Grapes: Nielluccio, Cannonau, Vermentino  
Fun fact: Before officially becoming part of France, Corsica passed under French and Italian rule many times throughout its history and it shows in its culture and wines.



Overview: Although small amounts of red and white wines are produced here, Provence has become synonymous with world-class rosé production. These wines are generally made from a handful of grape varieties and are beloved for their refreshing, sea-influenced flavour profiles.
Grapes: Cinsault, Mourvèdre, Grenache, Rolle (Vermentino)  
Fun fact: Provence is accounts for more than 40% of all rosé production in France.



Overview: When it comes to viticulture and vinification, the Languedoc region is incredibly versatile. While it is best known internationally for its robust red blends, Languedoc also excels in producing fortified (sweet) wines and is credited with creating the méthode traditionnelle, the sparkling winemaking technique used in Champagne today.
Grapes: Grenache, Syrah, Mourvèdre, Carignan 
Fun fact: Languedoc literally translates to “Language of Oc,” which pays homage to the original language of the south of France. Bonus fun fact: “Oc” is the equivalent of “Oui” in modern day French.


South West / Sud Ouest

Overview: Often overshadowed by its neighbor Bordeaux, France’s South West region is not to be overlooked. It offers hearty red blends and crisp, easy-drinking whites as budget-friendly alternatives to the more expensive neighboring areas. If you enjoy distilled beverages like Cognac and Armagnac, this region is also a great place for those.

Grapes: Cot (Malbec), Tannat, Merlot, Negrette, Petit Manseng

Fun fact: Keep an eye out for Cahors, Gaillac, Bergerac, and Buzet for high-quality, affordable dry wines from the South West. For sweet wines, Monbazillac and Jurançon are excellent choices.



Overview: Bordeaux's wine regions are divided by the Garonne River into the Left Bank and Right Bank. Left Bank red blends are dominated by Cabernet Sauvignon, while Right Bank red blends are dominated by Merlot. All five of the region’s First Growths are found on the Left Bank. Bordeaux also produces significant sweet wines in the Barsac and Sauternes appellations. The area between the two Banks is known as Entre-Deux-Mers.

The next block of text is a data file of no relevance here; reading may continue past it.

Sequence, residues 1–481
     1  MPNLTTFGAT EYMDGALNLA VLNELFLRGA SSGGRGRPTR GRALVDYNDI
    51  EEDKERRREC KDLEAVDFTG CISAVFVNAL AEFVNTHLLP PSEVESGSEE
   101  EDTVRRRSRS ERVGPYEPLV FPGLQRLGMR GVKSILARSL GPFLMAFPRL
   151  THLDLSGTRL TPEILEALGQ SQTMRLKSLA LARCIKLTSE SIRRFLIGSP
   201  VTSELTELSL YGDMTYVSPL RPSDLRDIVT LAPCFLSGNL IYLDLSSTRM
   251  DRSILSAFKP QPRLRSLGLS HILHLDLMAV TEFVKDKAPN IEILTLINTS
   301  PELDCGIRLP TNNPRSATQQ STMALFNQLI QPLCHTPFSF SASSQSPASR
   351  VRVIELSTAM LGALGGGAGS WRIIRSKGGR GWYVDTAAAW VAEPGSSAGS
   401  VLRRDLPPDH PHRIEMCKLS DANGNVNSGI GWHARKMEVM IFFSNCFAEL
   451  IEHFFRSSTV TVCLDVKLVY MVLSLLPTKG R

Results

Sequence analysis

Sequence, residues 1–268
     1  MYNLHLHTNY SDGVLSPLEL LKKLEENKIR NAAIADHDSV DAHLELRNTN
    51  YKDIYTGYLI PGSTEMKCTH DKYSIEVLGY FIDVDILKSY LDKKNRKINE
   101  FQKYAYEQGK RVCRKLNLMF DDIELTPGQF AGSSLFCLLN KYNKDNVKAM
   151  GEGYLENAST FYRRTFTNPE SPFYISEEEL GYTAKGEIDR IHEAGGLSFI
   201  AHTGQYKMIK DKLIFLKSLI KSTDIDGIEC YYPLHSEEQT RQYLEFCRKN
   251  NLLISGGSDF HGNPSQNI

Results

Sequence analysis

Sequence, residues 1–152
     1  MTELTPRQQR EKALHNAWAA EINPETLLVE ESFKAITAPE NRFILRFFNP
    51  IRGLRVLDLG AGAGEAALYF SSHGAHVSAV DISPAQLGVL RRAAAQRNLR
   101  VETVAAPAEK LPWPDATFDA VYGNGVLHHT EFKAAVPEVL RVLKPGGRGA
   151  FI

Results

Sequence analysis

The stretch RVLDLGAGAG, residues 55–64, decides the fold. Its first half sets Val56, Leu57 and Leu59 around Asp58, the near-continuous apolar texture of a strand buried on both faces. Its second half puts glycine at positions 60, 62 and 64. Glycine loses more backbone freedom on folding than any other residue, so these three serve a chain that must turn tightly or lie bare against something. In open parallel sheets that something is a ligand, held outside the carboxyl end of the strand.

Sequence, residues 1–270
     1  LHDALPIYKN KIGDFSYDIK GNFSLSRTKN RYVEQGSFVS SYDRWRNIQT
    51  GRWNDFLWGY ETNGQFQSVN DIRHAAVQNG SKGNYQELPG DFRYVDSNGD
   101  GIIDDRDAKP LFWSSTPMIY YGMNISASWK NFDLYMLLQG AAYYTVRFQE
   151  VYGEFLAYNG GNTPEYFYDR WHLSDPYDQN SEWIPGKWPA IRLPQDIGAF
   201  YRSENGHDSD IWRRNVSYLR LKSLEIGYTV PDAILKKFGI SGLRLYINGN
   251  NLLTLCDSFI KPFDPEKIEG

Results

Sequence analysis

Grapes: Cabernet Sauvignon, Merlot, Cabernet Franc, Sauvignon Blanc, Sémillon

Fun fact: The Bordeaux Classification of 1855, implemented by Napoleon III, was one of the first wine classifications and designated the highest quality Bordeaux wines.


Loire Valley

Overview: Spanning from north central France (around Orléans) to the salty Atlantic shores of Muscadet, the Loire Valley is one of the country’s most diverse wine-producing regions. It’s known for its refreshing dry whites from Muscadet, Sancerre, and Pouilly-Fumé, and earthy, peppery reds crafted from Cabernet Franc. Chenin Blanc, found in the central part of the Valley, produces a wide range of wines, from bone-dry to lusciously sweet, in both still and sparkling formats.

Grapes: Chenin Blanc, Cabernet Franc, Sauvignon Blanc, Melon de Bourgogne

Fun fact: The Loire Valley is a fantastic region for finding delicious, high-quality wines that won’t break the bank.